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Swiss watch industry woes

Swiss watch industry woes

Thursday, 01 December 2016
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Carol Besler

“Watches are functional art.”

Carol Besler covers watches and jewelry worldwide.

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4 min read

It is no secret that 2016 has been a tough year for the Swiss watch industry, with companies issuing profit warnings that unambiguously predict no immediate end in sight for the slump.

Compagnie Financière Richemont SA announced a 13% sales decline (12% at constant rates) for the first six months of its fiscal year (May-August), with jewelry sales – a saviour in previous watch-sales slumps – retreating by 13%. Richemont also said operating profit has fallen by 43% over the period. In July, the Swatch Group reported a 52% plunge in first-half profit. Richemont brands include Cartier, Montblanc, A. Lange & Söhne, Panerai and Jaeger-LeCoultre. Swatch Group brands include Breguet, Blancpain, Omega, Harry Winston, Glashütte and Tissot. From January to October this year, Swiss watch exports declined by nearly 28% in Hong Kong, by 20% in France, and 10% in the U.S., a fairly mature market for luxury watches. In Canada and some Middle East markets, sales increased.

Several factors have contributed to the decline in luxury watch sales: the strong Swiss franc, China’s crackdown on luxury gift-giving, tumbling oil prices, currency turbulence in Russia, uncertainty associated with the U.S. election and terror attacks in France, where tourism has slumped. In all of Europe, sales have increased only in the UK, particularly following the Brexit vote, which weakened the pound and thus the price of luxury watches.

Price war

LVMH, with brands including TAG Heuer, Bulgari, Zenith and Hublot, fared less poorly than others, reporting a 4% growth in revenue for the first half of 2016 (a figure that also includes Bulgari jewelry sales, though), with flat profits. The company says it gained market share for all brands, particularly TAG Heuer, which launched the highly successful Connected smartwatch last year, for which it will double production capacity in the coming months.

TAG Heuer Connected Watch Cristiano Ronaldo
TAG Heuer Connected Watch Cristiano Ronaldo

As for coping strategies, price reductions are widely anticipated, something that has been a long time coming say aficionados: “pigs get fat, hogs get slaughtered,” was the comment on one recent watch blog. Companies are also likely to revise product development, boosting lower-priced categories and putting the brakes on new high-horology showpieces. Even Apple has decided to discontinue the $10,000+ 18k gold luxury Smartwatch from its product range, making the ceramic smartwatch the most expensive in the collection, starting at $1,249 (TAG Heuer’s Connected retails for $1,500). Strategies will become clearer following the Salon International de la Haute Horlogerie in January and the Baselworld fair in March, the industry’s two key trade shows. Holiday sales will be crucial this year. The U.S. National Retail Federation is predicting a 3.6% increase this year, which exceeds the 10-year average of 2.5%.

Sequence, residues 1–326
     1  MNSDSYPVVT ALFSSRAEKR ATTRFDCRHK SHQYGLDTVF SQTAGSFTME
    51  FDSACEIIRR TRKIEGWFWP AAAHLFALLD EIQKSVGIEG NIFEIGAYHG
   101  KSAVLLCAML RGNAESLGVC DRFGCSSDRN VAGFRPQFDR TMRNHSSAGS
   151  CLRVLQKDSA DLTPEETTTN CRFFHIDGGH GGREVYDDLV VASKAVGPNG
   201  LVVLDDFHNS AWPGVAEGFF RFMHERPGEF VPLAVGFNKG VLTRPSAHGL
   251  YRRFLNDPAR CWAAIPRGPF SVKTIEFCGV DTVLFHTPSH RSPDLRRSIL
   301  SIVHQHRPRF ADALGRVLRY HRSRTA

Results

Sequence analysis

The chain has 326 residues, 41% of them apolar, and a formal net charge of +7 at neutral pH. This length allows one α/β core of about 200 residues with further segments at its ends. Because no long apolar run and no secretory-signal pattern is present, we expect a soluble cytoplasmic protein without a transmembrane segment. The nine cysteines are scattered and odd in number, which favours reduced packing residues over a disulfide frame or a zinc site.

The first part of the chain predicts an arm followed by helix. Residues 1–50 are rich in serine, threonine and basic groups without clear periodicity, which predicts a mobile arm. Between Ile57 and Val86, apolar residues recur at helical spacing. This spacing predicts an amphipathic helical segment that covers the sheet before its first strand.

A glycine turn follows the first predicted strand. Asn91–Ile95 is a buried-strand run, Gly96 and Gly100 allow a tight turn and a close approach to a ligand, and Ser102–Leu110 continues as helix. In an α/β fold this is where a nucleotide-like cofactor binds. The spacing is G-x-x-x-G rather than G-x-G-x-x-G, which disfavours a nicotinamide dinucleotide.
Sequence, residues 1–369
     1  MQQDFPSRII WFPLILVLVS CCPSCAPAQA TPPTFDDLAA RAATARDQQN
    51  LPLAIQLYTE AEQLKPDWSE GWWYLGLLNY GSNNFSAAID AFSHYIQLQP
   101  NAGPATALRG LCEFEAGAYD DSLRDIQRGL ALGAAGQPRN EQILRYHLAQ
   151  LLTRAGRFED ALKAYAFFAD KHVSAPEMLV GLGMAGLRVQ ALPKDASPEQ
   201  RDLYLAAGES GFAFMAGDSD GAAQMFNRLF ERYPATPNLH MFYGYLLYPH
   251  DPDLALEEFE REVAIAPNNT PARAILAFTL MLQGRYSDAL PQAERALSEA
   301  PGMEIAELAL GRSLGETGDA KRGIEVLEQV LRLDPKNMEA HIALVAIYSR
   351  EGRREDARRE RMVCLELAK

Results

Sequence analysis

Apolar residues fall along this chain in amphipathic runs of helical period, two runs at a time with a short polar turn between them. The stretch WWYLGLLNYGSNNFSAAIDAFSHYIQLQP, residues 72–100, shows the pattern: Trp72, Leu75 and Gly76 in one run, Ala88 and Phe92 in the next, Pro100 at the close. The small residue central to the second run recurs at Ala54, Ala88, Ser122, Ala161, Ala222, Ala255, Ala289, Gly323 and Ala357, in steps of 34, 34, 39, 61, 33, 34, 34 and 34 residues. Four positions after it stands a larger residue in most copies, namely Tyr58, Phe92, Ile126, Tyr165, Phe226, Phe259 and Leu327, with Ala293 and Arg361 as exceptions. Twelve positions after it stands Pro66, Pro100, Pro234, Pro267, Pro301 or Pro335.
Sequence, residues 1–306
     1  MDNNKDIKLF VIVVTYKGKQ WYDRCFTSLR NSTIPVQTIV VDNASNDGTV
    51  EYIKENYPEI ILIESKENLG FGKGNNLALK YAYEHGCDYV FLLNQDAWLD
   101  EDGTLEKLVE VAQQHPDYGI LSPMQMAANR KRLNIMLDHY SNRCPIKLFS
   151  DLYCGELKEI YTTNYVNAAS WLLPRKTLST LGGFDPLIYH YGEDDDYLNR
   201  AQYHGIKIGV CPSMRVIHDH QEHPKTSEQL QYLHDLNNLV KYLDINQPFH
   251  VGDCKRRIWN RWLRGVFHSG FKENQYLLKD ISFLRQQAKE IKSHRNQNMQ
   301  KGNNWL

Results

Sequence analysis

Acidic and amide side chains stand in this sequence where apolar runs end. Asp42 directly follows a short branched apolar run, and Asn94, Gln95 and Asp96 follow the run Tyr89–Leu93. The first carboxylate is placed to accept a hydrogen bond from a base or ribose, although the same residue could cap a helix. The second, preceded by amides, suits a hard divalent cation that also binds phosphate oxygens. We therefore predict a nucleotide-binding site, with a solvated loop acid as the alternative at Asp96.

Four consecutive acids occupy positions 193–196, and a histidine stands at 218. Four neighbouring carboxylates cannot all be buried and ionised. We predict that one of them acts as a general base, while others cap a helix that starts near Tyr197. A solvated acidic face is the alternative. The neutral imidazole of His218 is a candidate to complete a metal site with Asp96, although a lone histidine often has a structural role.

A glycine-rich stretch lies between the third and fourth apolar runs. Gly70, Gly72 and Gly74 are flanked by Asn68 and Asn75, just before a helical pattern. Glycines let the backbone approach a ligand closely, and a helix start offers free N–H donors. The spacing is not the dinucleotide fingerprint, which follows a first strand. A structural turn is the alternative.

Companies that produce their own in-house movements, dials and cases have an edge over those who don’t.
Vertical integration is key

“In mature markets as well as in markets that are in crisis, the only way to bring growth back is through innovation and creativity,” says Jean-Claude Biver, CEO of TAG Heuer and Hublot. As for the strong Swiss franc, he comments, “The Swiss franc has been an issue since 1974, when I started in this business. At that time one dollar was like four Swiss francs, and we survived.” He adds: “Unless we don’t get rid of terrorism, Europe will remain an important attraction for foreign tourism. Europe will also recover from its political, economic and financial crises and we should maintain our projections for next year in Europe.”

Jean-Claude Biver
Jean-Claude Biver, CEO of TAG Heuer and LVMH Watch Division President © TAG Heuer

Vertical integration is another saving grace. Companies that produce their own in-house movements, dials and cases have an edge over those who don’t, and independent companies that are family controlled – such as Chopard, Patek Philippe and Graff – also claim an advantage. Nicolas Sestito, CEO of Graff Luxury Watches (Graff is primarily a diamond company that successfully ventured into watches in 2008), says, “Because we produce everything in-house, we can be very flexible in our production. We are a speedboat compared to the big companies, which are like cruise ships, which turn around very slowly. We can turn around faster. It is also an advantage that we manage our own distribution.” Many brands, including those owned by Richemont, have had to buy back product from their retail partners in recent months.

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